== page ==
Iran’s First Non-Oil Trade Surplus

Meanwhile, some economic experts see distorted foreign exchange rates and the government ban on imports of luxury cars as other factors behind the slide in imports. They argue that foreign exchange rates must be determined based on economic realities rather than petrodollars to boost domestic production and exports while reducing smuggling.

As Rouhani administration officials — and their critics — continue to see the country’s trade balance as black or white, there are experts who believe it all could be both an opportunity and a threat.

Daniel Khazeni-Rad, an editor at English-language economic daily Financial Tribune, told Al-Monitor, “The positive trade balance can be seen in two ways. First, it shows that Iran finally has moved from an oil-based economy to a mixed economy. It also denotes a worrying trend on the other hand as local manufacturers have tougher external competition. This is likely to be compounded when Iran’s application to the World Trade Organization is accepted and tariffs and protectionist policies must make way for fairer treatment of foreign businesses.”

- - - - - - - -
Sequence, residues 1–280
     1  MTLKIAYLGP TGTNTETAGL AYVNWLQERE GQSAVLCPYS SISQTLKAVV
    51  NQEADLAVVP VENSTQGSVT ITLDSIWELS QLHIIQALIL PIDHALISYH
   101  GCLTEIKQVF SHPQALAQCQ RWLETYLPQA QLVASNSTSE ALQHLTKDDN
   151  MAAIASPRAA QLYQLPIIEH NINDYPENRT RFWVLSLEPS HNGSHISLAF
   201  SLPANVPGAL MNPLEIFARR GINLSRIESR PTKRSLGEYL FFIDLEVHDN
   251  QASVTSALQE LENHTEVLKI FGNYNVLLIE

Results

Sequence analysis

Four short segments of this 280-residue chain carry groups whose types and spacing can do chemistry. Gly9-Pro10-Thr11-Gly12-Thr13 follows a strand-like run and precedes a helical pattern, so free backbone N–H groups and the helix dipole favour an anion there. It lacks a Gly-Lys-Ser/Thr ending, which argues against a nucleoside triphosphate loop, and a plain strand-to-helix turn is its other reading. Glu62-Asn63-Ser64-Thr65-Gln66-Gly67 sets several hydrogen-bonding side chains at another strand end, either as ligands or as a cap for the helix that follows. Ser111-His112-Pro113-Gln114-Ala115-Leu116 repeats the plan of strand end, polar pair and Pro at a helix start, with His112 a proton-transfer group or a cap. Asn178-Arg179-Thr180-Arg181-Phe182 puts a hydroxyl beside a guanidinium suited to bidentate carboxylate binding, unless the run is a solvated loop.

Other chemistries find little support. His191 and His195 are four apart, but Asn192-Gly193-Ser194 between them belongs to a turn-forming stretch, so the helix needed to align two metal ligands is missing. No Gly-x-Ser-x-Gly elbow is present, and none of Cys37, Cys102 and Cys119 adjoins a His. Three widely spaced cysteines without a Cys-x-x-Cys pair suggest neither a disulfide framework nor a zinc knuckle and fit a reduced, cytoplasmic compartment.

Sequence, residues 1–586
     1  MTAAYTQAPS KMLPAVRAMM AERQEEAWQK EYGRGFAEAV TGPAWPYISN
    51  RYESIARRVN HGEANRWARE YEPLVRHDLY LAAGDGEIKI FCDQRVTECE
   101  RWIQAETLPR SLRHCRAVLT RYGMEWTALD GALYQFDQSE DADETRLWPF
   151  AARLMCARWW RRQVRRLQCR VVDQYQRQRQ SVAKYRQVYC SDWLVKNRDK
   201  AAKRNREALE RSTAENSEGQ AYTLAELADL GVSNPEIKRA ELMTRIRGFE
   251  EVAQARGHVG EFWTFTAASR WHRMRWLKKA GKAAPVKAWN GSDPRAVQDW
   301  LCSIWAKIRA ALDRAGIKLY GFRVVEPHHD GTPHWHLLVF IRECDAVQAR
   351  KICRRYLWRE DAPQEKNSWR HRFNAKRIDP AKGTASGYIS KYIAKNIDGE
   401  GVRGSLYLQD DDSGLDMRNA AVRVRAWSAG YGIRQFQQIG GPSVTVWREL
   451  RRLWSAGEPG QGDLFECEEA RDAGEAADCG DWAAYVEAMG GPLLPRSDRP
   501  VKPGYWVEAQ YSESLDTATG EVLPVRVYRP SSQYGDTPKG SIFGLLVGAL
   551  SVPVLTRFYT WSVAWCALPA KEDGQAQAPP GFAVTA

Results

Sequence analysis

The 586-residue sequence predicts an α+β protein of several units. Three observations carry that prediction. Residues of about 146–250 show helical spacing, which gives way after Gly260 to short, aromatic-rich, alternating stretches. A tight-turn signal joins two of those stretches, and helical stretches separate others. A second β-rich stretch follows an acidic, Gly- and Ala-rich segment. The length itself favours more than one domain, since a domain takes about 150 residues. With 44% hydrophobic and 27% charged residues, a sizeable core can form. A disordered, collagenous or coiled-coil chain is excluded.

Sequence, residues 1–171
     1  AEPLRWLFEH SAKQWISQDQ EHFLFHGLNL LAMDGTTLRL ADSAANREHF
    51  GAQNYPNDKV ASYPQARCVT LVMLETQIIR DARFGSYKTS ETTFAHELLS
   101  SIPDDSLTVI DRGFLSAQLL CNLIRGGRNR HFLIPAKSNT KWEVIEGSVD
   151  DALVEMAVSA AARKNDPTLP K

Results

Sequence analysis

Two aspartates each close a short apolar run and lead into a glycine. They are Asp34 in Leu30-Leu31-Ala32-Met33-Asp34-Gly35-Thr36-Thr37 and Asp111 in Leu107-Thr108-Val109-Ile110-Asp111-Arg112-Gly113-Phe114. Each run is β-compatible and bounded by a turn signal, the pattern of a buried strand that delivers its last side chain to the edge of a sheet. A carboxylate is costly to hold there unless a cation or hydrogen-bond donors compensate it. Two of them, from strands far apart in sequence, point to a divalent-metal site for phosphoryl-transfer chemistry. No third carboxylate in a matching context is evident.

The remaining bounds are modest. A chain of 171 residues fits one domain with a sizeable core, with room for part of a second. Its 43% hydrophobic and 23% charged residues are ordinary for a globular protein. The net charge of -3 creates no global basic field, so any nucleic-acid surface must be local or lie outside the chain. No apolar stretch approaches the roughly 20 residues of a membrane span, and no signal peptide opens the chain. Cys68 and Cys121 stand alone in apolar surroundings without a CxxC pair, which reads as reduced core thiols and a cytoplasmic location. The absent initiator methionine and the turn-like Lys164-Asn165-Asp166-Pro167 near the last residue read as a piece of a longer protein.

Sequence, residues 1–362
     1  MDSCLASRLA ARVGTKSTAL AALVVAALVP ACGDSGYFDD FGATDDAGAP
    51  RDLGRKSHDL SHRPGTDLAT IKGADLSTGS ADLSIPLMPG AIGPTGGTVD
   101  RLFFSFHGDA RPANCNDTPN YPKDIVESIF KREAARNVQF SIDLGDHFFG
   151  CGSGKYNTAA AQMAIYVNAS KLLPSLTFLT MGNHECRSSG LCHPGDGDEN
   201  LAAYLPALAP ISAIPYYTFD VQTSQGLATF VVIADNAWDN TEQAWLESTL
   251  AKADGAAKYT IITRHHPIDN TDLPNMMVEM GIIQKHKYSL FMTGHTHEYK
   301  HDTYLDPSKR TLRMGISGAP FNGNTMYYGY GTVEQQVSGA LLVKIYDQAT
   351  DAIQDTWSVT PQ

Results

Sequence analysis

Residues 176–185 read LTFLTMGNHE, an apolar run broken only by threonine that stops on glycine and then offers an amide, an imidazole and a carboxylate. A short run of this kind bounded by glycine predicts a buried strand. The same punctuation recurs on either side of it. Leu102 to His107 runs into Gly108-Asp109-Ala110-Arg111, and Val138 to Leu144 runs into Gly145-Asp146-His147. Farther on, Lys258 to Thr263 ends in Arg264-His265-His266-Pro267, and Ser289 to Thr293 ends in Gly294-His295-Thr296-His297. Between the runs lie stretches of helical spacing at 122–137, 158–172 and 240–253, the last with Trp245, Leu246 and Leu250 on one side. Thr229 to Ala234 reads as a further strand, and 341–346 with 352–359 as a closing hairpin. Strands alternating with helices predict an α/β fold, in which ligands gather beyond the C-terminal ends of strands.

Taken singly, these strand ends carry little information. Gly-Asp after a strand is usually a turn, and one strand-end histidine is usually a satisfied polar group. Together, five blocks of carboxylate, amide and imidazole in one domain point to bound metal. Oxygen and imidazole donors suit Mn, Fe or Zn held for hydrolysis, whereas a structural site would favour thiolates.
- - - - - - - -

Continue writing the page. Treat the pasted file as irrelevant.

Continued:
Iranian officials stress that the government has tried to lower imports of basic goods such as wheat and replace them with domestically made products — all part of its policy to implement the so-called resistance economy promoted by Supreme Leader Ayatollah Ali Khamenei.

Following the Jan. 16 removal of nuclear-related sanctions as part of the implementation of the nuclear deal, international institutions such as the World Bank have predicted that Iran’s economy will grow 3-5% in 2016. Economic experts say that an increase in exports in the non-oil sectors will largely depend on how the government uses its foreign exchange reserves. With the expected gradual return of Iranian business to the global market, it now remains to be seen how the government can materialize its promise to revive the country’s economy and expand its share of global trade.

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